You Can Tell Me "No"

“You can tell me ‘No’.”

This is a very powerful statement.  Especially if this permission is given honestly and with full intention of honoring any “no” that comes from it.

Why?   Well, many people are culturally geared to avoid the word.  So much so that they would rather lie to you than say “no.”  For example:

“FEEL GOOD” COMMENT:  “We might be interested in your product.  Send me a brochure and we’ll think it over.” 

TRANSLATION:  “I am not interested and don’t have the guts to tell you because you might think poorly of me or think I’m rude.  Instead I am going to waste your literature and your time.”

“FEEL GOOD” COMMENT:  “I can’t go to dinner with you.  I have to wash my hair.”

TRANSLATION:  “No, I won’t go out with you but won’t tell you that to your face even though we both know I’m probably lying to you now.”

“FEEL GOOD” COMMENT:  “Let’s do lunch sometime.”

TRANSLATION:  “This sounds nice but as you can see I am making no commitment to you in any way and you’ll likely not hear back from me.”

“FEEL GOOD” COMMENT:  “Thank you for sending the proposal I requested.  I’m not authorized to decide this and will pass it along.”

TRANSLATION:  “I’m not going to buy from you and I’m not brave enough to say ‘no” after I asked you to do all this work.  So, I’m going to pretend it is not my decision and make it appear it is not my fault.”

Since this type of false answer is almost ingrained in social norms, how do you get past it?  Give permission.

Giving permission to say “no” not only gets to a solution quicker, it can also take off some of the pressure that can create a “no.”  By reliving pressure, others may acutally be more comfortable giving a “yes.”  And if “no” is the real answer, the sooner you know, the sooner you can move on to something more productive and quit wasting your time on a dead-end!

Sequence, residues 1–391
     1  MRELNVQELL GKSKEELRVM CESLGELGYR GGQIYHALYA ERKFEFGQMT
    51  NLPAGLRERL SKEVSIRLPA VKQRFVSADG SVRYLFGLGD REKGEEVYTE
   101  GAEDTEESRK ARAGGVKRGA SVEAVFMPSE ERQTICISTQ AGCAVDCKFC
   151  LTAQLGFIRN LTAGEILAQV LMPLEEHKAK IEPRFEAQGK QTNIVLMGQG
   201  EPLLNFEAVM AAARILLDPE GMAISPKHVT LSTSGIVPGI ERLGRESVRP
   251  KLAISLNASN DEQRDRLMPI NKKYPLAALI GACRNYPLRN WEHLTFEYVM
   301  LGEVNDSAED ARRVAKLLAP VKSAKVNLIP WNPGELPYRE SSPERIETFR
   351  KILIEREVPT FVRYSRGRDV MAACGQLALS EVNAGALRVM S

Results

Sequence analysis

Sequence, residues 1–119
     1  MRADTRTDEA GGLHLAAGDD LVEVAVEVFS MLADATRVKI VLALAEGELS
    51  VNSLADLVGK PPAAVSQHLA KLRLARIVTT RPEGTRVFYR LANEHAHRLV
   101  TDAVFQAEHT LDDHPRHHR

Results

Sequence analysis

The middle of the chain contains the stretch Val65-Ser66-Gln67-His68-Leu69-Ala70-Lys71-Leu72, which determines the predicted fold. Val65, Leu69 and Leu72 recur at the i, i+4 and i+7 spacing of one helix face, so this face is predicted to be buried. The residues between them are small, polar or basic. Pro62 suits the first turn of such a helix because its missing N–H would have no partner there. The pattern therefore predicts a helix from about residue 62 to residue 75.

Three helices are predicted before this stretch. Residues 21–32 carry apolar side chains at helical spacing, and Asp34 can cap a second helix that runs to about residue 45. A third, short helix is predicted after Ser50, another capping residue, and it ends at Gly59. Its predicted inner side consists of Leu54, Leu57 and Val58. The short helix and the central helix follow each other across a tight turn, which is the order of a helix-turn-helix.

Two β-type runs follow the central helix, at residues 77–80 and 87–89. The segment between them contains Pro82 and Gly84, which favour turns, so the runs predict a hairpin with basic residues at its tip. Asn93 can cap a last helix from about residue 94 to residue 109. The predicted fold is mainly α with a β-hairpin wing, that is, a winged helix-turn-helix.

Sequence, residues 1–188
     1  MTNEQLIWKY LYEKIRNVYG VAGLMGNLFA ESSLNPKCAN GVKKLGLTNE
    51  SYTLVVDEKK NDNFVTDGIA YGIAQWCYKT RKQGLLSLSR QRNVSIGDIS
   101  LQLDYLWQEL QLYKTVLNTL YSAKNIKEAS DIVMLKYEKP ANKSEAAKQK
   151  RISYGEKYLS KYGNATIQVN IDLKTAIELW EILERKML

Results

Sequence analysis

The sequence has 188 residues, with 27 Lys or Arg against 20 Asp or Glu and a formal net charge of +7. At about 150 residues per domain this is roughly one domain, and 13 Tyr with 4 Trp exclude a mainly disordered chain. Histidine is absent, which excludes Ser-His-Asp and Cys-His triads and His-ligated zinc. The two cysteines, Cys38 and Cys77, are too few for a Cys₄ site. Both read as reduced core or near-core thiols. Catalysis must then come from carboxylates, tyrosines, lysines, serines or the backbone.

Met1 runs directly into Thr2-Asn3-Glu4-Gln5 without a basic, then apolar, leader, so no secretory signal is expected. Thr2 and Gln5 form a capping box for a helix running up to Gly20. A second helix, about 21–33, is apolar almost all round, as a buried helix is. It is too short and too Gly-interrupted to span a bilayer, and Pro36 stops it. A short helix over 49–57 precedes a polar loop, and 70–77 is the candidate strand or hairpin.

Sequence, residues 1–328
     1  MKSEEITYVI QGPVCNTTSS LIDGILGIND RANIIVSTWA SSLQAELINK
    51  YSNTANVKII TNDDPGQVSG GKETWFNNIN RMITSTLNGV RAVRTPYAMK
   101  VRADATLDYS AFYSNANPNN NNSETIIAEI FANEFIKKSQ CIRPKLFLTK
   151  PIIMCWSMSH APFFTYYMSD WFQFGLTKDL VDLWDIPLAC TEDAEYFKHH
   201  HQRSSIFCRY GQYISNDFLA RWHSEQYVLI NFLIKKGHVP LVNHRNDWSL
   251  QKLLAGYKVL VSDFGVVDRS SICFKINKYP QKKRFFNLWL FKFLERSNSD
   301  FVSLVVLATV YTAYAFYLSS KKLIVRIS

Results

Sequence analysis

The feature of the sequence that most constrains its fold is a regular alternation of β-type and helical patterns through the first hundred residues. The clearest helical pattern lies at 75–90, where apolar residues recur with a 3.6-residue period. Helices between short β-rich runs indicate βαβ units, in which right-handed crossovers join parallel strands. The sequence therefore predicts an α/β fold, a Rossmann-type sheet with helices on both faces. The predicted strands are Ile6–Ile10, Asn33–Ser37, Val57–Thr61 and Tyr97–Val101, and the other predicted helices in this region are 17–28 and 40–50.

Here are three examples of how to use permission to say “no”…

“I’d like to talk candidly about your budget for this project. Can we do that?  You can tell me ‘No’ if this makes you uncomfortable.”

“If I can deliver by the end of the month and for 10% less than you are paying now, would you order this week?  You can tell me ‘No.’  It won’t hurt my feelings.”

“I would like to recommend the XYZ package of services.  It may cost a little more but is is the best value and will save you money in the long run.  Would you like to buy that package?   It’s okay to tell me ‘no’ if you don’t agree. Really.

If you give permission to say “no” with sincerity and you genuinely accept the “no” when it is given, you’ll find you will increase your value as a trusted advisor.  You’ve given permission and accepted the outcome.

You will also find people suprised by the lack of pressure from this type of discussion.  Many times they will let your discussions continue because you have honored the “no.”   And that leads to more productive discussions, more sales and more agreements!



About the Author

Glenn S. Phillips works with leaders who want to leverage technology and understand risks within. An author and blogger, Glenn is often quoted in national media, plays a really ugly tuba (it even has a bullet hole) and is a fan of dark chocolate and great puns.